Grand Forks Teachers, Education Association Rejects District Salary Proposals During Negotiations – Grand Forks Herald

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Grand Forks — The Grand Forks Education Association, a union that represents district teachers in contract negotiations, rejected two salary proposals put forward by the school board during the third session of negotiations Monday.

In the board’s first proposal — scenario A — teachers would receive an annual salary increase over two school years ranging from 3-5% based on experience, with the lowest earning the most in an effort to attract more new hires to the district, according to the vice president. School Board Amber Flynn.

Scenario B would provide similar wage increases, with a gradual percentage increase in employer contribution to the North Dakota Teachers Retirement Fund (TFFR) over six years, participation in which is mandatory for all certified teachers in the state.

Scenario B is a nonstarter, as the GFEA is unable to negotiate after a two-year period, said Dawn Nord, head of negotiations for the GFEA. In addition, Nord said that scenario A does not adequately compensate experienced teachers.

“When it comes to scenario A, we’re not going to be able to validate that,” Nord said. “It’s not fair to our teachers. You take the most experienced teachers and give them a 3% raise, and you give someone who walks in the door a 6% raise. I think you’re going to have a lot of experienced teachers leaving the door.”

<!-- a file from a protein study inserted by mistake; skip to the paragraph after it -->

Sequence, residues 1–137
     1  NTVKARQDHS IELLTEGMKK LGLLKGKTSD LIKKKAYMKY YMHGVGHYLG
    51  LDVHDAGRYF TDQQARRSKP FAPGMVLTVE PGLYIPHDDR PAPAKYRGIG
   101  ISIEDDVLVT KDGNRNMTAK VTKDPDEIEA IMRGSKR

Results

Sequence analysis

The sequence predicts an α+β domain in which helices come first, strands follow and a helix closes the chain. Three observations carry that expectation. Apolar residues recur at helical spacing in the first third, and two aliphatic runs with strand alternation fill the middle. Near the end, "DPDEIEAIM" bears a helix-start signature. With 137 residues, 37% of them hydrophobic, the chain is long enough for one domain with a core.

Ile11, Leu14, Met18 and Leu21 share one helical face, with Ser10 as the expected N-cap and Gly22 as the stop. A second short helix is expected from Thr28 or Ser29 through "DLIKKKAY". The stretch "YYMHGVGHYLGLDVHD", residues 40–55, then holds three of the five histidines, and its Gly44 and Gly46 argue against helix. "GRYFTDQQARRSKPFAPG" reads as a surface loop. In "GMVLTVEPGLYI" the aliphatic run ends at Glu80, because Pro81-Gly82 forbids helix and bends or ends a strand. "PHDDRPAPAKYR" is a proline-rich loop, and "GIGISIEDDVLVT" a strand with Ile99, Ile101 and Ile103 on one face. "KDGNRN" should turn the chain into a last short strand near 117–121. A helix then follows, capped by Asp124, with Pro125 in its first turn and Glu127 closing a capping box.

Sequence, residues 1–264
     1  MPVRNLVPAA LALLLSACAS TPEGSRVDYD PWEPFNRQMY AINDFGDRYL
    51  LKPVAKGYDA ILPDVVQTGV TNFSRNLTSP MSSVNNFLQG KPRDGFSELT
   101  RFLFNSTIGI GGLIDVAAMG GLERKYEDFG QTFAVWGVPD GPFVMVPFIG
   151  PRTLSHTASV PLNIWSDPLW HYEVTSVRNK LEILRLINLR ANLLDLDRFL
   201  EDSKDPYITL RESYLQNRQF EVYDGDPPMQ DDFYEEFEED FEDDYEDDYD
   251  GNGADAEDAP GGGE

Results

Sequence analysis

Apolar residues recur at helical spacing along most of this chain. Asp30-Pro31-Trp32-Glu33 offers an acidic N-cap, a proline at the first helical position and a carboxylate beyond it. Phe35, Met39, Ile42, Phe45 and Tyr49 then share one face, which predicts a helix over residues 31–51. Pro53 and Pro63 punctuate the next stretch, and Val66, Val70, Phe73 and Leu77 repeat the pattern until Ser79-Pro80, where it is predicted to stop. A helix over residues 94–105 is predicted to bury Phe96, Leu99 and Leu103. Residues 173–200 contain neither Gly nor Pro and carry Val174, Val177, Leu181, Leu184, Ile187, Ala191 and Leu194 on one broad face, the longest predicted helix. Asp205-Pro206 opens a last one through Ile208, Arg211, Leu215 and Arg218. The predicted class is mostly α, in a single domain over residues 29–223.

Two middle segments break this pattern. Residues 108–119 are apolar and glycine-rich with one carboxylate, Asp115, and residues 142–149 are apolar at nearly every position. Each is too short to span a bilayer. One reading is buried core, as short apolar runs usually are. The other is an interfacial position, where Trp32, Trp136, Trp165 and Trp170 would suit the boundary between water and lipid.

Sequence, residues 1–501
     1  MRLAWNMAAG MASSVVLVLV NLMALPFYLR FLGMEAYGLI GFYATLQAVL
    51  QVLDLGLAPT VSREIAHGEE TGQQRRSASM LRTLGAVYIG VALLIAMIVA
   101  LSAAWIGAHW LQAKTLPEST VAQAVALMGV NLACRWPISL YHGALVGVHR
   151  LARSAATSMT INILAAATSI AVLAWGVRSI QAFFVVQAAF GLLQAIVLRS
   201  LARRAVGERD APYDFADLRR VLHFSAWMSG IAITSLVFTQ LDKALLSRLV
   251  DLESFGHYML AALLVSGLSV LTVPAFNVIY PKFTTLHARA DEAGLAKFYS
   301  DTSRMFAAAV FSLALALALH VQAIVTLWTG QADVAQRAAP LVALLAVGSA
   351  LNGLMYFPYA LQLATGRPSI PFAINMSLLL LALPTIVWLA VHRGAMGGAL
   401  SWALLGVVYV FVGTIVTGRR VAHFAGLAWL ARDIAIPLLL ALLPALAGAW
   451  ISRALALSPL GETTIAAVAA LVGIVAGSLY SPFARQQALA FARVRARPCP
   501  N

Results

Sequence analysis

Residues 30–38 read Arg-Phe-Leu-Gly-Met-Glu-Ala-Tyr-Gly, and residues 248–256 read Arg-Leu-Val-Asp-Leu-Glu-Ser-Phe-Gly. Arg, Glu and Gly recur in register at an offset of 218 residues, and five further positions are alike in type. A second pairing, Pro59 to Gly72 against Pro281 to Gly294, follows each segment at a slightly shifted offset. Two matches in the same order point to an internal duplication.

Nord also cited data from the state’s Department of Public Education, which says Grand Forks schools offer the lowest average compensation for teachers among North Dakota’s largest school districts — at $80,243. It’s a number that takes into account base salary, benefits, and employer contributions to the TFFR. Additionally, according to the same data, the average teacher wage for Grand Forks teachers increased by $186 between 2020 and 2022, compared to the state average of $3,027.

Nord asked the board why salary increases were out of proportion with the increase in budgeted revenue — $10,669,819 over the past three years, according to the General Fund — while budgeted salaries and benefits fell by $66,038 in the same time frame.

“If you look at those who get paid, we see that you bring in more money and spend more money on everything but salaries,” Nord said.

The parties also could not reach an agreement on the maximum number of cases a special education teacher can take on before he or she is eligible for a pay increase. Caseloads are determined by a number of factors, such as a student’s disability class and how much service they need, which means that one student may exceed one caseload.

Under the board’s proposal, special education teachers with 30 or more cases would be eligible for a 15% salary increase based on the teacher’s daily pay rate.

Amber Haskell, a special education teacher at Keele Primary School, told the Herald that the board’s recommendation for an optimal case load factor of 25 to 27 is unrealistic, and that the status quo has made her overworked.

“I have 10 kids in my class, which translates to 26.6 issues,” Haskell said. “We also have a staffing shortage of paraprofessionals because the district is not paying them enough.”

Negotiations will continue April 27 at the Mark Sanford Learning Center.

Joe Banish

Banish covers news related to K-12 and higher education, as well as coverage of the county commission.